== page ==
It is still quite common that credentials are transmitted in plain text over a secure communication channel (HTTPS). In case the communication channel is not encrypted we are talking about an entire different problem.
The key here is that the communication channel is encrypted with strong cipher suits. When performing a man in the middle attack (e.g. sniffing the connection), a certificate error is displayed on the client's browser.
Is it important to encrypt the password send by login forums of websites and if yes how badly it can affect?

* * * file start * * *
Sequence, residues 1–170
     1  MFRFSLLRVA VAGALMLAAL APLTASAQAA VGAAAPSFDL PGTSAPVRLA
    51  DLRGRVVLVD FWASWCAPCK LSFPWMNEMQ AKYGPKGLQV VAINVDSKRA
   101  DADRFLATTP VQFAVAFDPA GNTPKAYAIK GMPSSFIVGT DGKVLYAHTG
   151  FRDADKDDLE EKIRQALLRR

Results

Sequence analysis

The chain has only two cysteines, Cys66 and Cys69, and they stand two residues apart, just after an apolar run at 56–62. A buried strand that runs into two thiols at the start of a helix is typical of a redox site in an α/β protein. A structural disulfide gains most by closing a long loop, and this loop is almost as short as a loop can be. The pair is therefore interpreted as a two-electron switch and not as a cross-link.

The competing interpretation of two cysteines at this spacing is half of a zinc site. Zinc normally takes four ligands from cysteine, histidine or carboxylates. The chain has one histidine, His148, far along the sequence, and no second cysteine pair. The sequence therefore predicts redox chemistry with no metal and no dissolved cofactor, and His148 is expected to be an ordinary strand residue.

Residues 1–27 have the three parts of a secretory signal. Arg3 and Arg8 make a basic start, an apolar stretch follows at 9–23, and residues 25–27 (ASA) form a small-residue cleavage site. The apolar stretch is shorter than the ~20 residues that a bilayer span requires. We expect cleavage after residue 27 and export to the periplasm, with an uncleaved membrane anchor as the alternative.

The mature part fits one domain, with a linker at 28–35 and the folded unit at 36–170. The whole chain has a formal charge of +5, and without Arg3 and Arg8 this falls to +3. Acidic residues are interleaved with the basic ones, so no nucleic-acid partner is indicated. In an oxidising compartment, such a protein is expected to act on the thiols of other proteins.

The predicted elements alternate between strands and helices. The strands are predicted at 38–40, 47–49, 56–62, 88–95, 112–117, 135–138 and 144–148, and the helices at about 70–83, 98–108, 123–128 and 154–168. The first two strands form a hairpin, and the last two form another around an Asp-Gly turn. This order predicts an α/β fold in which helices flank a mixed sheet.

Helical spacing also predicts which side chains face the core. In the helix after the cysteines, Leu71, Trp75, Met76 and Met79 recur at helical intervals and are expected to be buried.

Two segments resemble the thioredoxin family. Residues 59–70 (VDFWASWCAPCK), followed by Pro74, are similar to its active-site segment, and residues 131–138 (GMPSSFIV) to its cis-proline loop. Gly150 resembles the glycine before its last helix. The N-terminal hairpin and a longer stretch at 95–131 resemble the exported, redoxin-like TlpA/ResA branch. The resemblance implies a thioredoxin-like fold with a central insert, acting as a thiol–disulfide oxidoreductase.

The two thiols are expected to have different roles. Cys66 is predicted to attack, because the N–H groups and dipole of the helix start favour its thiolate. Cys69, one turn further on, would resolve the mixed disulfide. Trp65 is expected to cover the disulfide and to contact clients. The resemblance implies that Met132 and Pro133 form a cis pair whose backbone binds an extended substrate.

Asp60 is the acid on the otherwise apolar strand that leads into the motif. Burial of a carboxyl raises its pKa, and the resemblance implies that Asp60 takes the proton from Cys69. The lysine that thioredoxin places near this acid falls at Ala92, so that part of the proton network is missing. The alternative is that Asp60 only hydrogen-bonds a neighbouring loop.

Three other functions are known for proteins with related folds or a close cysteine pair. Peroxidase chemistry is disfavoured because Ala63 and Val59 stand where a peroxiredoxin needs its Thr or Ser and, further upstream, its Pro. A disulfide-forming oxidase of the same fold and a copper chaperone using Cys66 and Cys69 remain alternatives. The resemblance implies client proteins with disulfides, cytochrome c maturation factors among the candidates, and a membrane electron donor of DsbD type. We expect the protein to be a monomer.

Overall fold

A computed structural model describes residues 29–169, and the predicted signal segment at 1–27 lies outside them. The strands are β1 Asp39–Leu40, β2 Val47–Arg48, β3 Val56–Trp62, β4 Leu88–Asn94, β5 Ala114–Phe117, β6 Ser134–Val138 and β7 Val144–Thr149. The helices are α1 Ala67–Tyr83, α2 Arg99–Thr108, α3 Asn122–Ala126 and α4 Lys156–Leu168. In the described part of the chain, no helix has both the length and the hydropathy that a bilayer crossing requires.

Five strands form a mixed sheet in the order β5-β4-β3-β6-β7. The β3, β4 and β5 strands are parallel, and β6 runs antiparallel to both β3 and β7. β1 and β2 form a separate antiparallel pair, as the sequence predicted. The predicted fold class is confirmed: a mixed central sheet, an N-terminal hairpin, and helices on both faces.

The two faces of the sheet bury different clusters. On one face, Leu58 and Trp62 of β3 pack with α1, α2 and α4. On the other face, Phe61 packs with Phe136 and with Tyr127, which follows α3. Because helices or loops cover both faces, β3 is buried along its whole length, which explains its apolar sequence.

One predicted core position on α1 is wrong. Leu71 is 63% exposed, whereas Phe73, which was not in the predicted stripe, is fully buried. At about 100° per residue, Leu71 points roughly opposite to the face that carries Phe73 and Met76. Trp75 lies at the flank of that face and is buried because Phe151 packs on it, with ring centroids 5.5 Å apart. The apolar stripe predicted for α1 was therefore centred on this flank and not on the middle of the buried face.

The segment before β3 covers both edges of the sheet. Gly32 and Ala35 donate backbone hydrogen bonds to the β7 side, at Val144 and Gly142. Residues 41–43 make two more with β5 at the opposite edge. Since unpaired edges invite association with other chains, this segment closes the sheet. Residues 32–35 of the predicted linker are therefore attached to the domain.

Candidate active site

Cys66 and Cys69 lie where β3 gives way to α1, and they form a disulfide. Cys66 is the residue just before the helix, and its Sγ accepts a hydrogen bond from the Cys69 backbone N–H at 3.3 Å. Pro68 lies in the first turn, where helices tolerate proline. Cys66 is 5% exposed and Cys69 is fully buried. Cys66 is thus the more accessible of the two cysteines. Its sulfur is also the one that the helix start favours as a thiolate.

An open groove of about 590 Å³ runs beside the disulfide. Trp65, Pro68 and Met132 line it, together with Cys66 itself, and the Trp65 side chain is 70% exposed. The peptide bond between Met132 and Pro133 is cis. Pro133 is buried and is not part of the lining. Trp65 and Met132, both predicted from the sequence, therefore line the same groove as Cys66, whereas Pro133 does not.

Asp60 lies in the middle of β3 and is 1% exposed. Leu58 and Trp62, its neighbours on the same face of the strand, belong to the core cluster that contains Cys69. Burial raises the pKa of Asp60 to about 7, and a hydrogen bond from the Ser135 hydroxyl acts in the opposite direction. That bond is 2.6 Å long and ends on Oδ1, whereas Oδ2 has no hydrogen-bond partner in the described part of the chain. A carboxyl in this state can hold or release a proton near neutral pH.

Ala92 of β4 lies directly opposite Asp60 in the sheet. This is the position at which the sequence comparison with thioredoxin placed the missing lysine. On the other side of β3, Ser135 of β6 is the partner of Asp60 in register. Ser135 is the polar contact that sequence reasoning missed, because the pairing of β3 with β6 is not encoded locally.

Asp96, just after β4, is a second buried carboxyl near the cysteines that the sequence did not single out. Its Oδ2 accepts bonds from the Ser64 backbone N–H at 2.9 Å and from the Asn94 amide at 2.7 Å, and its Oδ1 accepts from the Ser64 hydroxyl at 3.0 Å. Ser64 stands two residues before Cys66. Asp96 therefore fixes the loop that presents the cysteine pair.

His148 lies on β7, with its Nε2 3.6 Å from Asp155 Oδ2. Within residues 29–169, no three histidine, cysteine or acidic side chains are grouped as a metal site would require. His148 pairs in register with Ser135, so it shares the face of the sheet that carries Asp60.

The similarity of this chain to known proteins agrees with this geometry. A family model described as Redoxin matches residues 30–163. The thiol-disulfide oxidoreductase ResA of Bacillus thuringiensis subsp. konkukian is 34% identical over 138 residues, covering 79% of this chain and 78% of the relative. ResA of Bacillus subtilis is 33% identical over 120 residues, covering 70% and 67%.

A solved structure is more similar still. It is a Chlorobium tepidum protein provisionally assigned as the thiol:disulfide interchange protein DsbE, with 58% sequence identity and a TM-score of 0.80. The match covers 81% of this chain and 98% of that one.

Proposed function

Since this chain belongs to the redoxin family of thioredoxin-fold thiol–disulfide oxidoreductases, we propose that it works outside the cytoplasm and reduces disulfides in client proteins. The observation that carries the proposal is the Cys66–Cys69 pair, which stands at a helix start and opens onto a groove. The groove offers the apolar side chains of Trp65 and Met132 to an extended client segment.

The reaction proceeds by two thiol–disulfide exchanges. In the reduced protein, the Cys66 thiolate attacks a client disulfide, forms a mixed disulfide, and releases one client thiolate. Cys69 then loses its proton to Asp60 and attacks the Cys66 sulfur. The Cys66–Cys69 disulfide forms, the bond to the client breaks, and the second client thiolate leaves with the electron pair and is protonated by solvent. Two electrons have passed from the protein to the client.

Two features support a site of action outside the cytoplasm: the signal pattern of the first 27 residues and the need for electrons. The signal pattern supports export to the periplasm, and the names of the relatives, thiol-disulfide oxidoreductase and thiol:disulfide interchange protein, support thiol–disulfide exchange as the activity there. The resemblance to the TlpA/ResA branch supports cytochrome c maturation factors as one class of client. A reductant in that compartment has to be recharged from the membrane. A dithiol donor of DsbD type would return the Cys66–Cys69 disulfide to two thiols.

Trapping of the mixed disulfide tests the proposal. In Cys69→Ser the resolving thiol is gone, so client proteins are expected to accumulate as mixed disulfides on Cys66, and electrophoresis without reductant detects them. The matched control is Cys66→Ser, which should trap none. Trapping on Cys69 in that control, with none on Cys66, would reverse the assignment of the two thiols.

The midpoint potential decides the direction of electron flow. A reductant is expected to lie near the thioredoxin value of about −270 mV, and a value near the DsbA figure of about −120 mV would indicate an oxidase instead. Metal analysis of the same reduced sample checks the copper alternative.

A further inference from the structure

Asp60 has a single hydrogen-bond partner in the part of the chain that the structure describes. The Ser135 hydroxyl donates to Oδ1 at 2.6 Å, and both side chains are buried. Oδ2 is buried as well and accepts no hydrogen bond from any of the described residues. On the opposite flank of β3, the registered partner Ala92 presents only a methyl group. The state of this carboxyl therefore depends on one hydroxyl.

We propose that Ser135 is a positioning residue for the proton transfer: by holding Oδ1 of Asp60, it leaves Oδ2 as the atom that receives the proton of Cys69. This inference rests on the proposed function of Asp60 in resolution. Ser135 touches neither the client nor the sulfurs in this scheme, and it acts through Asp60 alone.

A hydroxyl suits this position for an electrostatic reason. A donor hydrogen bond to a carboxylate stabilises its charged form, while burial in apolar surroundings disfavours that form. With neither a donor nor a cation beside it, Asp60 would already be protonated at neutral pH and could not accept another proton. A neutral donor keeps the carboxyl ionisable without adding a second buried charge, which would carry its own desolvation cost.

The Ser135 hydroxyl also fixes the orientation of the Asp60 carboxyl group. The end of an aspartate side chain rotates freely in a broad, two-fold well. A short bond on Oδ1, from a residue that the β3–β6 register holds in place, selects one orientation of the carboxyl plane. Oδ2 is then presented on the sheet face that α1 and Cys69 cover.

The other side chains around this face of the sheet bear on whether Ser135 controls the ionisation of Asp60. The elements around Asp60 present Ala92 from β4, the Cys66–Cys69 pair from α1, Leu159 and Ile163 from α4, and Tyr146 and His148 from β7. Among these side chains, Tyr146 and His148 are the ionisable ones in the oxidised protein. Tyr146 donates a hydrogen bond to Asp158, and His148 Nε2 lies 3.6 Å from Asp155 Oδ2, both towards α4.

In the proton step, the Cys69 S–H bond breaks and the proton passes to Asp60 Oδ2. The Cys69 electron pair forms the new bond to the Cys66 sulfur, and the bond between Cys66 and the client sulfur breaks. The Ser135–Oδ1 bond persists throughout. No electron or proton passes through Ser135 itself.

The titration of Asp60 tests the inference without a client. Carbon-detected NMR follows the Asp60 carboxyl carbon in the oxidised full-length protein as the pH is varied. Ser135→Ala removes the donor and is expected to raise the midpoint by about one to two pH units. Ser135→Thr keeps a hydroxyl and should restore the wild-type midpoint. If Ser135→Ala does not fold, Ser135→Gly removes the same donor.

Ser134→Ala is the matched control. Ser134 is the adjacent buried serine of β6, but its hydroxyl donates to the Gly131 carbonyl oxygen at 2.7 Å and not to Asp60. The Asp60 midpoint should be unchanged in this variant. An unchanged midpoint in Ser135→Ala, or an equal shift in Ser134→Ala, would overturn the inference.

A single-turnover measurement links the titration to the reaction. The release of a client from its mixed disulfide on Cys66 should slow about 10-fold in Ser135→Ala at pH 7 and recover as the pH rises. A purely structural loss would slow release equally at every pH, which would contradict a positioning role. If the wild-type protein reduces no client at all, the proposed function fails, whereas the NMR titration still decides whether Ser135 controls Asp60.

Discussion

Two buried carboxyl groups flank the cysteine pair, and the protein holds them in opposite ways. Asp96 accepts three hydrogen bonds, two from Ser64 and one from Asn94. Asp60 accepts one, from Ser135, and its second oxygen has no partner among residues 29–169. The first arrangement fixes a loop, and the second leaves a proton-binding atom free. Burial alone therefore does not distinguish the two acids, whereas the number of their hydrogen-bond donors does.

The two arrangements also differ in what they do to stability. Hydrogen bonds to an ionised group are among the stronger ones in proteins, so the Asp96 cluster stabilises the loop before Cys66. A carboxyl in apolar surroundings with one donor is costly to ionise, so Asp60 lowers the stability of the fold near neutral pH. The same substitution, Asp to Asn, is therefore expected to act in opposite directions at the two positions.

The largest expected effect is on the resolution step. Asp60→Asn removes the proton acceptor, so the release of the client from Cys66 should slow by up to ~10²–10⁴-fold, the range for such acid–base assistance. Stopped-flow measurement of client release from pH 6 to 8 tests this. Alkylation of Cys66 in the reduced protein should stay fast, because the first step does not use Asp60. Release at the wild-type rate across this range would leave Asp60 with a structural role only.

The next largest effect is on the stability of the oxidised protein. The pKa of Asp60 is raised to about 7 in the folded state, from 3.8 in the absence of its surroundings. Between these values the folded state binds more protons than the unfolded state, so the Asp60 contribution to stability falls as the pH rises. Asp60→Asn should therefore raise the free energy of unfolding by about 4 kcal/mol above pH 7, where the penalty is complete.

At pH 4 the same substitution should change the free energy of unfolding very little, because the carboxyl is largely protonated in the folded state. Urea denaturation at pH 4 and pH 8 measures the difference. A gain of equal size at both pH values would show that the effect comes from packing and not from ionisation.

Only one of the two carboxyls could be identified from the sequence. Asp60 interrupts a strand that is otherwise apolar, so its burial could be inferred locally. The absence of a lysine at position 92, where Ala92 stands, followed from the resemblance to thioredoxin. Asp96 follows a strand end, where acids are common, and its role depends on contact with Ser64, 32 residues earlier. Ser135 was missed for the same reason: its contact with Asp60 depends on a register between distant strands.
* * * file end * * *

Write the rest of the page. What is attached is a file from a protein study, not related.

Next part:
From my personal (attacker) perspective it doesn't really matter whether you transmit the plain text password or an encrypted or hashed version of the original password.
Once either one is obtained through a man in the middle attack, they can be replayed / re-used by an attacker.
However, one significant difference is that the server will never receive the plain text password when the second option in the diagram is used. Therefor it will not reside in memory.
In case TLS is stripped from a load balancer and requests are transmitted internally over HTTP this would be considered a better approach.
As you can see, it depends on what you consider a threat and what you are defending against.
Please note that a TLS should not be considered the "holy grail" and that defense in depth should be applied when ever possible.